The U.S. Occupational Safety and Health Administration today issued a final rule extending by three years the deadline for crane operators to be tested. Operators will now have until Nov. 10, 2017, to obtain a valid certification to run a crane on U.S. construction sites.
Previously, operators had until Nov. 10 of this year to obtain certification. In its decision, OSHA also gives employers three more years to ensure that operators are competent to run a crane safely.
Industry groups pushed back on parts of OSHA’s original cranes and derricks rule, published in August 2010. Some experts raised concerns about language in the rule requiring tests to be organized around the type and capacity of crane.
Also at issue was whether certification—passing a standardized test—was enough for employers to determine competency. Some industry experts argued that such a decision should be left to the employer.
The agency received more than 60 comments on its Feb. 10 proposal to extend the deadline. Many experts raised questions over the validity of existing certifications, and OSHA concluded that two of the four nationally-accredited examiners—namely, a testing arm of the operating engineers' union and The National Commission for the Certification of Crane Operators—were out of compliance with the existing rule because they only tested to the type of crane and not capacity.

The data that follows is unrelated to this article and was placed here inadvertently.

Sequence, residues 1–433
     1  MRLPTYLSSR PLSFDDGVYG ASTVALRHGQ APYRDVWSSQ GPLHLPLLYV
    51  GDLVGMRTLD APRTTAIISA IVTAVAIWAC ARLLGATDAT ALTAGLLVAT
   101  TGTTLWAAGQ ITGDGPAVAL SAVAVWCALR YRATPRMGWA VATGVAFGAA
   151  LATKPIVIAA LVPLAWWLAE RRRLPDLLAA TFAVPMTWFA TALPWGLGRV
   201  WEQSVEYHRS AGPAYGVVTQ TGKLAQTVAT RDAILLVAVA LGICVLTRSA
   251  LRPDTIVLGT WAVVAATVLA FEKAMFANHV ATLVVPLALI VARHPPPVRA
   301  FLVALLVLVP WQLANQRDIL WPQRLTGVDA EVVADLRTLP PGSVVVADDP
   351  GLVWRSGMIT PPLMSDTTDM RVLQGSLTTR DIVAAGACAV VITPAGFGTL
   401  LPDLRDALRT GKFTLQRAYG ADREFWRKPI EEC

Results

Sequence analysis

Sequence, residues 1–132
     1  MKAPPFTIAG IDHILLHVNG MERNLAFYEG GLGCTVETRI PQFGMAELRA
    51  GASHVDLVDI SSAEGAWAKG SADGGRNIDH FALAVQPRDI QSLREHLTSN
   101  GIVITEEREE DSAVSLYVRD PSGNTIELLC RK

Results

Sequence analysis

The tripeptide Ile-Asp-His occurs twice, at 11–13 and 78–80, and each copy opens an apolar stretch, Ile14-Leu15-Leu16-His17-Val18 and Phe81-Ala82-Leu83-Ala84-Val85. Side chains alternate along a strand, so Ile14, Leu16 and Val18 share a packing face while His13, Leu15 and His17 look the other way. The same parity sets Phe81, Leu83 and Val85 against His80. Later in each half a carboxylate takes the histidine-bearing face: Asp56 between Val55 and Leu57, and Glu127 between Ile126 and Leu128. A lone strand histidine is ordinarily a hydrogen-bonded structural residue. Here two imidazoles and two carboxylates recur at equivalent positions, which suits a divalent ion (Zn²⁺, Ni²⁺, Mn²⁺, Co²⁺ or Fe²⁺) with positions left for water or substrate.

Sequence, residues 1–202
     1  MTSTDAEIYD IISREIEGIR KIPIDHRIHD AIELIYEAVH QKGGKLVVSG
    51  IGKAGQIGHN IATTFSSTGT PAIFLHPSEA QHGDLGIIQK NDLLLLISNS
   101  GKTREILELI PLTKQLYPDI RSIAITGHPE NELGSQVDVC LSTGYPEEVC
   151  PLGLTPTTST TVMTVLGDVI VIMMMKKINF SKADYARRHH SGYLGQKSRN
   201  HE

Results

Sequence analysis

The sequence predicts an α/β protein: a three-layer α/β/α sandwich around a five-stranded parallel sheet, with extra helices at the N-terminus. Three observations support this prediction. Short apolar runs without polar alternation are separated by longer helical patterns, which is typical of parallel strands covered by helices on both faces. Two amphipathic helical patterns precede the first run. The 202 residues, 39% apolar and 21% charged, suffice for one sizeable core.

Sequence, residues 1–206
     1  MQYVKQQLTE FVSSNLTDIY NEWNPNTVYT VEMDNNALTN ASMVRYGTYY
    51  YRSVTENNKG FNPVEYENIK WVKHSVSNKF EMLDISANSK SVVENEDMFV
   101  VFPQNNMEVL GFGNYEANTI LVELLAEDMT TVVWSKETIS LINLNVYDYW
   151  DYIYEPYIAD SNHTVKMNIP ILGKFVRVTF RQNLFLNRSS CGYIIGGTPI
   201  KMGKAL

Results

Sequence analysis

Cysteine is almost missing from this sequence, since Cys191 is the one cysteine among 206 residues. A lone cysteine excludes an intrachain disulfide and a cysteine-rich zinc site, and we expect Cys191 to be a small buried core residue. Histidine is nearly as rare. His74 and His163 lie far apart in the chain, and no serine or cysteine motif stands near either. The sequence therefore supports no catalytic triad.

“As a result, those certifications do not meet the standard’s requirements and operators who obtained certifications only from those organizations cannot, under OSHA’s cranes standard, operate cranes on construction sites after November 10, 2014,” says OSHA in the final rule ordering the delay. “Some stakeholders in the crane industry requested that OSHA remove the capacity requirement.”
Out of a total pool of 117,130 operators, OSHA estimates that 71,700 are certified to type only while some 15,000 operators today are certified to type and capacity—compliant with the existing rule. Further, the agency estimates that 30,430 operators remain without certification in the U.S.
During the delay period, OSHA says it plans to make “a more thorough examination” of its testing requirements for crane operators and decide whether or not to draft a new rule.